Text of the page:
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23 October 2017


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Whether or not Tillerson wants to leave, I do not think he would screw up this badly without sabotage. pl

Not In Istanbul

The great underground river irrigation project was nothing more than a wrapped up bribe for the Germans. That isn't my own opinion but that of a civil engineer from Turkey who had worked on that project.

Babak Makkinejad

An uneducated ignorant man, doning the mantle of Pirs & Imams; I can very well belive he ordering Sadr's murder for showing him the ignoramus that he was.


here is Iran' FM Zarif respond to SS Tillerson in KSA

"In response to Tillerson, Zarif noted that the anti-Daesh fighters “are already in their homes and have not been waiting and will not wait for anybody’s order,” adding, “If they had waited for orders from Tillerson and US government, today, we would have had Daesh in Baghdad and Erbil.



According to the BBC it would also seem he has found unicorns this time in Afghanistan.
"Thousands of extra US troops are being deployed as part of the strategy to defeat the Taliban.

Mr Tillerson said he believed there were moderate elements among the insurgents and the US was hoping to engage them in a peace process."


Dear Colonel. Fully agree. I just cant envision Tillerson being philosophically in support of anything (including sanctions) that removes oil from the world market and from the potential that in ten or twenty years Exxon might bid on projects. The oil patch has a very long timeline and perspective. Apparently, the Russian sanctions that congress passed have failed to be implemented.

So I see this as just talking point propaganda for the domestic news, but points designed to embarrass Tillerson (and Trump).


Here is a new article on Aljazeera for those who questioned Iran’s effectiveness on Syrian war. Loud and clear.

“FSA rebels: We would have won if not for Iran”


He told Al Jazeera: "The Syrian army had all but collapsed and was operating at about 20 to 25 percent of its previous strength when the Iranians came and brought with them Hezbollah, and Iraqi and Afghan militias, who did most of the fighting on behalf of the Syrian army."


Pro-government sources had claimed six days ago that SAA elements crossed the river at Mayadin and were less than eight kilometers from the Omar fields. I guess the SDF got tired of waiting for the SAA to make a move on Omar. So after they liberated al-Suwah and Markadah and crossed the Khabur river they just kept on going on their way to Busayrah. Not clear to me if they have the entire field or just the north field? I still believe they have a deal with the Russians.

For sure the PYD and Arab tribes that make up SDF will use Omar and other oilfields to try to broker a seat at the peace table. So far they have been denied that, thanks to objections by the Turkish sultan, even though just about all Syrian opposition forces were given seats at Astana. And Syrian Kurds are not even part of the opposition. They have always said they want to be a part of the Syrian nation, even if led by Assad.

Eakens says above that Omar itself does not produce much oil. I saw at least one site in the past (cannot find it now) that agreed with Eakens' statement. The site claimed the value of Omar was not quantity, but instead was the quality of its crude - low density and low sulfur content like sweet Texas crude. Perhaps Oilman2 has some insight? But there are many who claim it is the largest field in Syria. I have no clue which is correct. But looking at Wikimapia it shows that there are a dozen other oil and gas fields - Ghewari, Sayjan, Saban, Jarnof, Azraq, Maleh, Tayani, Tanaq, Younes, Galban, Sarhit, and Shudayha that are clumped together with Omar and north Omar and designated as (plural) "The-Al-Omar-Fields".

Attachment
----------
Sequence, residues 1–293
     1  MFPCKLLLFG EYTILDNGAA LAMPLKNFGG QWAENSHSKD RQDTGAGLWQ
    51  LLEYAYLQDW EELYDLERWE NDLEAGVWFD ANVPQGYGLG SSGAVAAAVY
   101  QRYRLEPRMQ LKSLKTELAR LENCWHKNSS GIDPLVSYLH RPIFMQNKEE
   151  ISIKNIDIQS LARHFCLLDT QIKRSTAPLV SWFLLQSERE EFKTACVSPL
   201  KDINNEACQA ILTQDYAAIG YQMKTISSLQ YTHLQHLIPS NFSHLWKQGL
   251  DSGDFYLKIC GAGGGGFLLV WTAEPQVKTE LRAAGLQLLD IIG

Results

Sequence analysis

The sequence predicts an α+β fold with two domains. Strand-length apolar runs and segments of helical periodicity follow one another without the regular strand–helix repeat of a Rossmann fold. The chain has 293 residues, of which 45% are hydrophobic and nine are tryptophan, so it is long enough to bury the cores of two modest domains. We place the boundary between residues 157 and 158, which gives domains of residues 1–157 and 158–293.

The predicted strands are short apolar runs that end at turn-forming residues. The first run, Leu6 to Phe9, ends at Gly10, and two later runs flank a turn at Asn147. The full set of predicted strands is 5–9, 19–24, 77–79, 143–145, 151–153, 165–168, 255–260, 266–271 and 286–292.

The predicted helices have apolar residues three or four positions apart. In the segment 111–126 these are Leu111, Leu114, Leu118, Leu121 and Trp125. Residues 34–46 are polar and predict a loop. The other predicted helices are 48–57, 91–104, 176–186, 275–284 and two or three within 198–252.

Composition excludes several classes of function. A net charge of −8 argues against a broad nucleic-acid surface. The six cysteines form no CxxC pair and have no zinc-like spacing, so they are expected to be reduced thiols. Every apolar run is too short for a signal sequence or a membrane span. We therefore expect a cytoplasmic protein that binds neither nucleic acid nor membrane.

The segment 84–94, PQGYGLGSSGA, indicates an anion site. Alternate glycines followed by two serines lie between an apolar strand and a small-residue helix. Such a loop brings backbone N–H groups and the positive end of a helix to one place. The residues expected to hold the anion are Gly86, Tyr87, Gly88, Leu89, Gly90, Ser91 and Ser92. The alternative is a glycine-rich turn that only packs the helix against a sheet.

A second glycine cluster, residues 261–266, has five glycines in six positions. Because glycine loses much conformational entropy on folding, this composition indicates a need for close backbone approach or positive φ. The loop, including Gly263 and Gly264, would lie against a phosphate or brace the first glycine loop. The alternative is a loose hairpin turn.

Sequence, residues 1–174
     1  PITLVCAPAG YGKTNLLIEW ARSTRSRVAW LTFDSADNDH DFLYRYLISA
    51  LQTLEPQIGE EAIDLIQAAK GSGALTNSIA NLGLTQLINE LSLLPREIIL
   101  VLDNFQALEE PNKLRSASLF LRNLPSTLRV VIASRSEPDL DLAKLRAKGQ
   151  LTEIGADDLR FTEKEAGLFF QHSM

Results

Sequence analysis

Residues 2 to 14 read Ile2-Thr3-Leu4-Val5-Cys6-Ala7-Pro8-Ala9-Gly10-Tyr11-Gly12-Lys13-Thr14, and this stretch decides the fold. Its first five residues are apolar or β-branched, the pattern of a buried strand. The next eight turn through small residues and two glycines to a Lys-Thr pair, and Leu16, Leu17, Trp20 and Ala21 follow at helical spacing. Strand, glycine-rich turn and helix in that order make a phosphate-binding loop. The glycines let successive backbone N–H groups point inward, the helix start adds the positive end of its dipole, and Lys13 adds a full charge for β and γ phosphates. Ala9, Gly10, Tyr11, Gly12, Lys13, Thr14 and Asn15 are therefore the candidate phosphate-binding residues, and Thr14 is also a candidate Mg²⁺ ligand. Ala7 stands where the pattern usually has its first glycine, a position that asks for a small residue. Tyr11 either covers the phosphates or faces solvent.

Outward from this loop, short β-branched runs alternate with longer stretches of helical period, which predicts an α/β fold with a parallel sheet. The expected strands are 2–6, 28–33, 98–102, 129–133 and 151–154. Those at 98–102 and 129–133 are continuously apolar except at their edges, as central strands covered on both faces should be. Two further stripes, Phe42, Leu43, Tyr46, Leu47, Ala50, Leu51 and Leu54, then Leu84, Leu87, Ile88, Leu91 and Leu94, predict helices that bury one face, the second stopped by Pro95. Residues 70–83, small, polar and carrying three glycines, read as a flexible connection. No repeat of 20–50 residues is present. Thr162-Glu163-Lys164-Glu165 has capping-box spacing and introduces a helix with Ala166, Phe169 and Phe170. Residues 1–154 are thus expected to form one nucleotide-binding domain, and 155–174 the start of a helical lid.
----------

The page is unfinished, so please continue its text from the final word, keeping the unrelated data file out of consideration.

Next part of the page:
Fellow Traveler

They don't even know where Tilly is, even when he's in his 7th floor fortress. Their badges don't go there anymore.

He can't be reading any memos from an under-secretary, because there aren't any.

Peter AU

Kooshy, I doubt Russia was ready to take on the US prior to 2015. They were still busy putting their own house in order. To make the move into Syria Russia had to be ready to face down the US in a military standoff.
The other thing, which I had also noticed in eastern Ukraine, was Russia only moved in when Eastern Ukraine and Syria had self selected to those who would stand and fight. Very solid groups to back.

robt willmann

Well, I was afraid something like this was going to happen regarding the oil and gas fields in eastern Syria. However, the Chicago Tribune article in the main posting above, from the Associated Press, is a little unclear to me, although it may be due to the fact that the map of Syria I am using is not very detailed.

The cutline under the photograph says, "This July 30, 2017, photo shows an oil field controlled by the Kurdish-led Syrian Democratic Forces (SDF), in Rmeilan, Hassakeh province, northeast Syria (Hussein Malla / AP)". That 30 July photo, if from the Hasakah province, would be an oil field northeast of Deir ez Zor, as that province is above the Dayr Az Zawr province. Thus, it may not be in the area of the Al-Omar oil field referred to in the body of the article. My map does not show Rmeilan in the Hasakah province.

The map does show Umar and Umar North oil fields north and northeast of the town of Al Mayadin near the Euphrates River. The Chicago Tribune/AP article says that Syrian troops have "retaken nearly all of the provincial capital of Deir el-Zour, as well as the town of Mayadeen, another IS stronghold, which is across the Euphrates River from the Al-Omar field." Deir ez Zor is north-northwest of Al Mayadin, and they are both on the Euphrates because the river angles down to the Iraq border. So the article is saying that the SDF and U.S. have penetrated south of my imaginary horizontal line running due east of Deir ez Zor to the Syria and Iraq border. Such a penetration might have occurred if the Al-Omar oil field is the same as the Umar and Umar North oil fields.

This is surprising to me because I have been guessing that the SDF and U.S. were further north in the area of Raqqa. If the article is correct, the SDF and U.S. have, in addition to focusing on Raqqa, been pushing south in the corridor between the Euphrates and the Iraq border, and are already south of Deir ez Zor.